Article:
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Cape Town - A Cape Town accountant was jailed for nine years on Monday for embezzling R6.8 million.

The money was embezzled over a period of eight and a half years while Leonora Elizabeth Bruyns, 55, worked for a company owning a Kwikspar supermarket and Mugg & Bean restaurant.

Bruyns, a mother of two, appeared in the Bellville Specialised Commercial Crime Court, before magistrate Sabrina Sonnenberg.

The magistrate said Bruyns had qualified for the prescribed minimum sentence of 15 years for fraud involving R500 000 or more.

She had pleaded guilty to 402 counts.

Bruyns, 55, was described as an “easily influenced people pleaser”.

She had become romantically involved with, and influenced by, a confidence trickster at a workshop in Belgium, and he had kept in contact with her through the internet.

He had fleeced her, and the more he demanded the more she stole.

Defence attorney William Booth described him in court as a “conman who preyed on vulnerable and gullible women”.

The magistrate disagreed with prosecutor Derek Vogel that there were no substantial and compelling circumstances justifying a sentence less severe.

She agreed with Booth that Bruyns’ background, which included a “distant and uncaring” mother, and the fact that she was a first-time offender, combined to constitute substantial and compelling circumstances.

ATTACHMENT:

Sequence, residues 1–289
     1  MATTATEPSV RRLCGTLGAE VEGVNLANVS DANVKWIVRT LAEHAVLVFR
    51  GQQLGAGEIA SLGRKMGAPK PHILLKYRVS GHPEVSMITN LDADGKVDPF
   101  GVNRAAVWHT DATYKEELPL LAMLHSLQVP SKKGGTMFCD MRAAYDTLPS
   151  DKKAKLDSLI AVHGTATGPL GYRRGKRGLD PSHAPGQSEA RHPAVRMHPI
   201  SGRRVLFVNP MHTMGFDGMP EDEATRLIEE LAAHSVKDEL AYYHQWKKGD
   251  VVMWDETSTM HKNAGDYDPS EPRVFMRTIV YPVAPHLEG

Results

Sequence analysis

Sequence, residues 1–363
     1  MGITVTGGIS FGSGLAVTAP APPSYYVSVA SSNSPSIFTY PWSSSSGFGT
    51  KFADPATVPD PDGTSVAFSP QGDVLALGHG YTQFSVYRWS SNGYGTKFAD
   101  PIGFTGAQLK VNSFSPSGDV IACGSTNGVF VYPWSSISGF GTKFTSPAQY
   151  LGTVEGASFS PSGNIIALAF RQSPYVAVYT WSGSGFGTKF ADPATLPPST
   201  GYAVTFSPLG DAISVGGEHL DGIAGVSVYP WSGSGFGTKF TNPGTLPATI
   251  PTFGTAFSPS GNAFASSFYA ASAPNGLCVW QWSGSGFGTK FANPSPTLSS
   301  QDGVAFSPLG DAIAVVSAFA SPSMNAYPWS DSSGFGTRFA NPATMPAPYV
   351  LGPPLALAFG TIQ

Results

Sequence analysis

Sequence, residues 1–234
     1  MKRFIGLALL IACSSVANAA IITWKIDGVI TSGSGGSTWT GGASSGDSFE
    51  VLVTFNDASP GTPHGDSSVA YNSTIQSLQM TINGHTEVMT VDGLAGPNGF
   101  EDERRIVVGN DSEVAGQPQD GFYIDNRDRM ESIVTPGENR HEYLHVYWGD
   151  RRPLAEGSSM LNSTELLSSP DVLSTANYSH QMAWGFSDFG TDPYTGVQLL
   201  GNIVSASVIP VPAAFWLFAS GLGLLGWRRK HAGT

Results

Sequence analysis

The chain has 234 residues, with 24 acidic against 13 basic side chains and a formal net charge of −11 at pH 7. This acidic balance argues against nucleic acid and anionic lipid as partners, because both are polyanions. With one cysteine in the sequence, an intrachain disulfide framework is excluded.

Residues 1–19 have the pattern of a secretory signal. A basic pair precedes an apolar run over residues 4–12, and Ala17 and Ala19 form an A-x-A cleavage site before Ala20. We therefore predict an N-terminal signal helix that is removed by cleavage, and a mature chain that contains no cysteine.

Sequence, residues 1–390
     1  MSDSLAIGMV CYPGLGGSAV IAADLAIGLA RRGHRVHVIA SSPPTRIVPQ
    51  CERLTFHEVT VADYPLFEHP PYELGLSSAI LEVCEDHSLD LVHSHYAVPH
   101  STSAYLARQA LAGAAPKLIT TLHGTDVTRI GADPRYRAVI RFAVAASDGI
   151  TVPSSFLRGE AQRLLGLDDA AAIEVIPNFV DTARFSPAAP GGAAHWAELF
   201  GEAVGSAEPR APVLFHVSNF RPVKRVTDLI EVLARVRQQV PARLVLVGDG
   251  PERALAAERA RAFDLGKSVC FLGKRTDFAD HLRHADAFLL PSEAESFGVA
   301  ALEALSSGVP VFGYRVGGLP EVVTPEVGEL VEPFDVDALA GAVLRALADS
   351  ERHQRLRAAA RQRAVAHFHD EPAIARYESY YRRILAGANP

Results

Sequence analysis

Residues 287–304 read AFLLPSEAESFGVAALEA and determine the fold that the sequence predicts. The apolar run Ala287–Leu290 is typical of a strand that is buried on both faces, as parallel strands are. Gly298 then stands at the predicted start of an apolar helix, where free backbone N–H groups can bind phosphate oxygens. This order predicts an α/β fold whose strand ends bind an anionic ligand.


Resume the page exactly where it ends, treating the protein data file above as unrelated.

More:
Sonnenberg said Bruyns had started stealing from her employer in 2004, about two years before she met the confidence trickster.

She said Bruyns' thefts started once a day for four years, and then escalated to twice a day until 2010, when they increased to three times a day.

“From January 2012, she had the audacity to steal four times a day, and in November of that year she defrauded her employer five times a day,” she said.

Sonnenberg said the company was audited each year, but had negligently failed to pick up the discrepancies.

She added: “Either the auditor was not very good, or the accused was intellectually brilliant.

“She falsified documents and deleted information, and this showed brilliant and meticulous planning.”

Private social worker Ann Cawood told the court that Bruyns “started with small amounts and got away with it the first time, then the second and third time, and when she realised how easy it was, it became a habit”.

Sonnenberg said Bruyns was caught out in November 2012, when FNB reported fraudulent transfers from the company accounts into hers.